After the war, this neighborhood was largely neglected in rebuilding efforts. It was a poor area with a high crime rate. In 1988 a Jewish Cultural Festival was started, and the neighborhood began to turn around. Then the movie Schindler's List was filmed here in 1993, and the place became a tourist attraction.

Today, the Jewish Quarter is the second-largest tourist attraction in Krakow after Old Town. It's a busy, famous part of the city, but the Jewish population remains quite small.

When we were there, a flea market was drawing a lot of people to the square around what was once the kosher slaughterhouse:

Tuesday, December 31, 2019


June 23, 2019

Krakow (pronounced "krack - ohv") is one of the oldest cities in Poland and traditionally the center of Polish culture, academics, arts, and economics. Therefore, this is a good time to discuss Polish money, which combines at least culture, arts, and economics.

First off, can I just say that our US dollars are so BORING compared to these colorful bills?  The green 100 zloty note (roughly pronunced "zwall-tuh") has the face of Wladyslaw II Jagiello (King of Poland 1386-1434) on front and the eagle from his tombstone and the Grunwald swords on the back. The blue 50 zloty has the face of Kazimierz II Wielki (aka Casimir the Great, King of Poland 1333-1370) on the front and the white eagle from his personal seal on the back. The pink-orange 20 zloty has the face of Boleslaw I the Brave (first King of Poland in 1025) on front and a silver coin from his reign on the back.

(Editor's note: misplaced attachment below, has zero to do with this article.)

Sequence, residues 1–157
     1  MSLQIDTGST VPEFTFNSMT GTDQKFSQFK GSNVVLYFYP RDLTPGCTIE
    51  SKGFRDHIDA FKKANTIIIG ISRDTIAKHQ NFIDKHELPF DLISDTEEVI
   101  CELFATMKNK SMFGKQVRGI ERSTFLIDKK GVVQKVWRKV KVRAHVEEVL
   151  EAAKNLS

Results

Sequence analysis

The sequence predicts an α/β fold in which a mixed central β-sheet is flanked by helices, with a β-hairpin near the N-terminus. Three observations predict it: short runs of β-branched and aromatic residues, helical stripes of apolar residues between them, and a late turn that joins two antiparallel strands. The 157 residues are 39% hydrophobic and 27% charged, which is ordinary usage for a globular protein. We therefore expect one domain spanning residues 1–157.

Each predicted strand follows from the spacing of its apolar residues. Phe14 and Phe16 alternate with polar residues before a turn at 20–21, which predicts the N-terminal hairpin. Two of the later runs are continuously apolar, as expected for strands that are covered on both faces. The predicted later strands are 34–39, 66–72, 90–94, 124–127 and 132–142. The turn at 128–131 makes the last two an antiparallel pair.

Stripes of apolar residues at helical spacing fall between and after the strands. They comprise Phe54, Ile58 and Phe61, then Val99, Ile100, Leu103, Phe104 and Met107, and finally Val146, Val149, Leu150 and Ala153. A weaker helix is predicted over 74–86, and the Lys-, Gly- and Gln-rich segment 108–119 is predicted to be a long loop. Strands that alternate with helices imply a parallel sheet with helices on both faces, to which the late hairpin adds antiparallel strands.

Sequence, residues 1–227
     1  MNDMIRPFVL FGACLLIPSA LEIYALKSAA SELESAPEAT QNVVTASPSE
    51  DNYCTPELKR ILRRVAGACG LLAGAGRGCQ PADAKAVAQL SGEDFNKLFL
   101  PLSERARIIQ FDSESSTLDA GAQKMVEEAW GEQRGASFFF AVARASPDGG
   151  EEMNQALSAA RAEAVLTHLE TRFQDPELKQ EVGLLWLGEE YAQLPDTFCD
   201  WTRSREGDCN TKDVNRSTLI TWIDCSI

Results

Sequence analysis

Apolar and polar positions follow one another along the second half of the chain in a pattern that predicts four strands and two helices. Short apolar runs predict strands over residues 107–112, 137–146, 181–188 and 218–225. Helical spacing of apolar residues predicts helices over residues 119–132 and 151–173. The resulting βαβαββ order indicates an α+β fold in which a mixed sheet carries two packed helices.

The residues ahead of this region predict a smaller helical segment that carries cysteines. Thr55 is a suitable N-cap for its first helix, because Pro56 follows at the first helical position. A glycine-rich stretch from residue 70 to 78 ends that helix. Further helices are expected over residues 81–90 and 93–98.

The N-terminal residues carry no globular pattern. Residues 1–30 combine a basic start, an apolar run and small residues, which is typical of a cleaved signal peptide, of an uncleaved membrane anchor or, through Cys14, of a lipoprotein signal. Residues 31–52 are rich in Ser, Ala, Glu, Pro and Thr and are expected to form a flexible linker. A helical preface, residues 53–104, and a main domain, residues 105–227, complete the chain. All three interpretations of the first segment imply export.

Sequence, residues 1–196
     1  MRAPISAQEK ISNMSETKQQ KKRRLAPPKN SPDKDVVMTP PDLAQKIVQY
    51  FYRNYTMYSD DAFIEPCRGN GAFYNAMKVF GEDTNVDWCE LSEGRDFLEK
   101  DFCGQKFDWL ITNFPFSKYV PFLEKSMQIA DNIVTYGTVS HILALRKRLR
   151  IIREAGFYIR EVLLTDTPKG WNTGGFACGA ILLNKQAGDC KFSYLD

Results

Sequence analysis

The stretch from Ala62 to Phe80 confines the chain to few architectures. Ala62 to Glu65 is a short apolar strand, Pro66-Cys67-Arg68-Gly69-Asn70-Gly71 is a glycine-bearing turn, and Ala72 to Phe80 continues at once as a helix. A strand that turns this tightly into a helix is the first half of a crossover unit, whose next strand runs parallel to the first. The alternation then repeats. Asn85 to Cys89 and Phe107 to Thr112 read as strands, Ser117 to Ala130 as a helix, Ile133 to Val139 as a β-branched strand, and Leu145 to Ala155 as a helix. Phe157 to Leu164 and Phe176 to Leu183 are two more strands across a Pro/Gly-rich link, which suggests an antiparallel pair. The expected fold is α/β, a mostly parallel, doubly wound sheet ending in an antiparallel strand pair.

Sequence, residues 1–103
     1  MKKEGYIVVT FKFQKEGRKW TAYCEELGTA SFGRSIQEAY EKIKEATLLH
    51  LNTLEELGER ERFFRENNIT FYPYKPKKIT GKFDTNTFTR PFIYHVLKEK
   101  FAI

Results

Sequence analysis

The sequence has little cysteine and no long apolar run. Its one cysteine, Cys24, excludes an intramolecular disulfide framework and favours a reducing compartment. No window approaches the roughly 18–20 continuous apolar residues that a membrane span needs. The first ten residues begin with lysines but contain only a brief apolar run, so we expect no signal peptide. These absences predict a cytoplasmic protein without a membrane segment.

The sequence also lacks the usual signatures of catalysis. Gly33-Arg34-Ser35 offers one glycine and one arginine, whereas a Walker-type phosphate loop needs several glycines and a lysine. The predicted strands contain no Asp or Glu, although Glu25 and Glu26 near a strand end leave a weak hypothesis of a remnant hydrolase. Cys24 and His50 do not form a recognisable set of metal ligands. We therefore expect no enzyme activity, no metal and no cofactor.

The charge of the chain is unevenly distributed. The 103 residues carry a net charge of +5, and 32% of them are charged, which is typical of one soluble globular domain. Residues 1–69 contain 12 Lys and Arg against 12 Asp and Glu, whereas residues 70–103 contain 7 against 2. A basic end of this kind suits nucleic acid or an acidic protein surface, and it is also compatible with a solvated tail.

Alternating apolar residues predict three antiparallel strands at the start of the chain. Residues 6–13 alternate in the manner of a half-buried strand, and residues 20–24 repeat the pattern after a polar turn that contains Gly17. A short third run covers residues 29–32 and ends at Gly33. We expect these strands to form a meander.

In the US, our "faces" only go back to George Washington (President from 1789-1797). We are such a young nation.

By the way, $1 USD = 3.78 zloty OR 1 zloty = about 25¢.

We had booked a personal tour of Krakow through Our guide, Krzysztof Blaszczyk (who told us to call him Chris--thank goodness), met us at the edge of Old Town in Jan Matejko Square at the Grunwald Statue, an imposing, hard-to-miss piece: